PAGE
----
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Matt Reeves

Film Review: ‘War for the Planet of the Apes’ Delivers Old Hollywood Glory

CHICAGO – Since the Golden Age of cinema, theaters have tried countlessly to deliver up big budget films. Summer is here and the public is showing that they are cooling off these blockbusters, no longer fooled by the thought that cost equates to quality. “War for the Planet of the Apes” shows us that blockbusters may still be redeemed by channeling some Old Hollywood magic.

Film Review: Dull Soap Opera in ‘Dawn of the Planet of the Apes’

CHICAGO – “Dawn Of The Planet Of The Apes” just goes to show you can have the most expensive and best looking visual effects money can buy, but it doesn’t mean a damn thing if you haven’t got a good tale to tell.

Blu-Ray Review: Great Horror Movie ‘Let Me In’ Gets Special-Edition Treatment

Let Me In

CHICAGO – Matt Reeves’ “Let Me In” was one of the most divisive choices on my ten best of 2010. I stand by it in every way, especially after checking out the great Blu-ray from Overture and Anchor Bay. With a spectacular HD transfer and some great special features, this is the best horror release of a season packed with them as the Halloween 2010 films start to hit the home format.

Film Review: Harrowing ‘Let Me In’ Stands Tall Next to Original

CHICAGO – Believing all remakes are pointless is as narrow-minded as suggesting that they’re all worthwhile. It’s not an all-or-nothing proposition. Like a fantastic cover version of an amazing song, there can be room for more than one cinematic interpretation of the same story.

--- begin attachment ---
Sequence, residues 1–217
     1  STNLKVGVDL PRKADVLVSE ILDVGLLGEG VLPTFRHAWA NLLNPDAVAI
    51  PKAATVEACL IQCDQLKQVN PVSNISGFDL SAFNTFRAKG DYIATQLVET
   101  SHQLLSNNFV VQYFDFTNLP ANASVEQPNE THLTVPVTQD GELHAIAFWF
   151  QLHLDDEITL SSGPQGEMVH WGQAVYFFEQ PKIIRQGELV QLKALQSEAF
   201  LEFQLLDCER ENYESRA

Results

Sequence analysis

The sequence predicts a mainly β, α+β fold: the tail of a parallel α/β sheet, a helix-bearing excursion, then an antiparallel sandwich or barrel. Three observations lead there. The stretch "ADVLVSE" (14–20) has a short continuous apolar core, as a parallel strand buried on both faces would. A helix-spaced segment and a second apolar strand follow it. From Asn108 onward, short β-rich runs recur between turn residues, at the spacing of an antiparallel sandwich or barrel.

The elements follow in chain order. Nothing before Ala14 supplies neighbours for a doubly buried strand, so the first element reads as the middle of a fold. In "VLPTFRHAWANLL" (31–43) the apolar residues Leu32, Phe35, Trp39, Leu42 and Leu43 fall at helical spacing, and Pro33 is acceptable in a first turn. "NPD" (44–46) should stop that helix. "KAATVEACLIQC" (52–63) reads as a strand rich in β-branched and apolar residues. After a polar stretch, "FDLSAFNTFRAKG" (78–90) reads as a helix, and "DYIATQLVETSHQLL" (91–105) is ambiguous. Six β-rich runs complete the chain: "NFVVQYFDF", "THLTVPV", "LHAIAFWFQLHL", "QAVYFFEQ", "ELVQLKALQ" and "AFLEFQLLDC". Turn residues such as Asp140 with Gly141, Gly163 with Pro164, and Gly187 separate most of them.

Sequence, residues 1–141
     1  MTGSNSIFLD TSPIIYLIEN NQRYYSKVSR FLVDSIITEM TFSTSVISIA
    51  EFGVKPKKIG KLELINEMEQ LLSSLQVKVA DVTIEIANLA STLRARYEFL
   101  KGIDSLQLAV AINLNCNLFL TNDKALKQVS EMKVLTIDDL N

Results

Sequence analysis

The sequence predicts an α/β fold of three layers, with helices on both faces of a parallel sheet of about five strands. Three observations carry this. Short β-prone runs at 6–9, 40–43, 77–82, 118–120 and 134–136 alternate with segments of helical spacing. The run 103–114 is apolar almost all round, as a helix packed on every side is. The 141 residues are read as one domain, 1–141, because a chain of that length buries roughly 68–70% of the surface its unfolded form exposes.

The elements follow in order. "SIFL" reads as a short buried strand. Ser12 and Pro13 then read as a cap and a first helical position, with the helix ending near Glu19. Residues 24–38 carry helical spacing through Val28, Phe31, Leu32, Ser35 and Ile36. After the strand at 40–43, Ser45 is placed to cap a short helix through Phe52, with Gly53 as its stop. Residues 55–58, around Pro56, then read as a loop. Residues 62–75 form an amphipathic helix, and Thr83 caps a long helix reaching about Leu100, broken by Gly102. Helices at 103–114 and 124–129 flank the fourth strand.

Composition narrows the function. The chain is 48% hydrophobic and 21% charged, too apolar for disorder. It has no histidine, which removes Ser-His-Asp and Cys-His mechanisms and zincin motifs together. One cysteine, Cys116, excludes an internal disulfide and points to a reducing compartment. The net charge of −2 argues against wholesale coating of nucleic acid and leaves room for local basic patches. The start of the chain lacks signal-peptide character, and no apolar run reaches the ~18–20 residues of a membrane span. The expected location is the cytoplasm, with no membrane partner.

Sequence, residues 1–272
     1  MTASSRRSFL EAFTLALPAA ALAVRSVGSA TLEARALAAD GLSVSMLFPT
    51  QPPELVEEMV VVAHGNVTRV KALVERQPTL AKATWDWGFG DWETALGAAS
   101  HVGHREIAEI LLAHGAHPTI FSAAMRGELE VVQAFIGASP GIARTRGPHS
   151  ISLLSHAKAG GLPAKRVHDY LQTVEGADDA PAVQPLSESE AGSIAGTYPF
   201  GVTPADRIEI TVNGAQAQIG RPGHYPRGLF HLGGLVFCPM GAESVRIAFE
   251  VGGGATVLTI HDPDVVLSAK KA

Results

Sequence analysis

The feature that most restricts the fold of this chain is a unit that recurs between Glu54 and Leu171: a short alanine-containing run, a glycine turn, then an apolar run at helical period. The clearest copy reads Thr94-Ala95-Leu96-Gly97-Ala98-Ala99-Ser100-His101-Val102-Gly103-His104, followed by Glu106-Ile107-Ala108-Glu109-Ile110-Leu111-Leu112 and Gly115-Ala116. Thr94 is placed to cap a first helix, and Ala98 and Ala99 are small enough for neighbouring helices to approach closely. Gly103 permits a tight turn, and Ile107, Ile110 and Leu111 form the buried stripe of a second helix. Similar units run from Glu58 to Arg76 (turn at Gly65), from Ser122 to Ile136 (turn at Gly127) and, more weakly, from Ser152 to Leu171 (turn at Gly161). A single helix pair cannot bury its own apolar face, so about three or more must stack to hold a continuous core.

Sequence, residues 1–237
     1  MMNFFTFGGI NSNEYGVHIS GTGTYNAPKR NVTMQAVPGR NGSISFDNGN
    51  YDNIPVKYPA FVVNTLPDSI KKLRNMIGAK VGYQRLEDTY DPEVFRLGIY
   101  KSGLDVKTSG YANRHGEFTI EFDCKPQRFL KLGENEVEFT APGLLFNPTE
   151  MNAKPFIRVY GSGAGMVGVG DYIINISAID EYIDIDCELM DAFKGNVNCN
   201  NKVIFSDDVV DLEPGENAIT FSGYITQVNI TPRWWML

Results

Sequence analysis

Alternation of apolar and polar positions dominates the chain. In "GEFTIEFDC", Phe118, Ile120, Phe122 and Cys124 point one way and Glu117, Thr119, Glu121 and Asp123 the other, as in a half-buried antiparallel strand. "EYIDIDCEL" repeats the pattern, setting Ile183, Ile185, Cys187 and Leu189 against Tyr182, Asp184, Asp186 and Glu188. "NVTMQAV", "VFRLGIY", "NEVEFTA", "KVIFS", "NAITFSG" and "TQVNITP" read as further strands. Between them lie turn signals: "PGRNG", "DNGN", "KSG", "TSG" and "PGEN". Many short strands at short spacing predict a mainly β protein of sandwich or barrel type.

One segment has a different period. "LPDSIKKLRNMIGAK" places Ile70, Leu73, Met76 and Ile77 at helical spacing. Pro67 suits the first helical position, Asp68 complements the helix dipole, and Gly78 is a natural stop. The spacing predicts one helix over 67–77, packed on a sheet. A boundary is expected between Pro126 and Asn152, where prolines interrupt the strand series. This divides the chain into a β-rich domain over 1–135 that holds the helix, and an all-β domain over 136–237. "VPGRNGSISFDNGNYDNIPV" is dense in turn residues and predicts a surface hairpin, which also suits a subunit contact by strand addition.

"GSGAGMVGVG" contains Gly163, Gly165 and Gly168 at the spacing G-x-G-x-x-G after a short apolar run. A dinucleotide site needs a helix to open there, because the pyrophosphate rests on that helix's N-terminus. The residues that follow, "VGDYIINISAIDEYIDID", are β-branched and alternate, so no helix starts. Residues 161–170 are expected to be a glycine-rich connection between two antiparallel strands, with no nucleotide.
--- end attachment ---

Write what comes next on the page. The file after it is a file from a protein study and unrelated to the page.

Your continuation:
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TV, DVD, BLU-RAY & THEATER REVIEWS

  • Speech & Debate (stage play)

    CHICAGO – “Speech & Debate,” the latest production from the mighty Brown Paper Box Company, continues their tradition of thinking outside that “box” in presenting storefront theater that makes a statement and a difference. “Speech” goes inside America by showcasing the outsiders… those who create art because they can’t get it right in real life. This non-equity Chicago stage play premiere is finely tuned and wonderfully acted, and runs through March 4th, 2018. Click here for more details, including ticket information.

  • We're Gonna Be Okay

    CHICAGO – The 1960s were a time of historical social transition. The movements – civil rights, feminist, gay rights – all had roots in that tumultuous decade. The Chicago premiere of Basil Kreimendahl’s “We’re Gonna Be Okay” echoes all of those movements in its characters, and collides them against the October 1962 Cuban Missile Crisis. The show has a Thursday-Sunday run at the American Theater Company through March 4th, 2018. Click here for more details, including ticket information.

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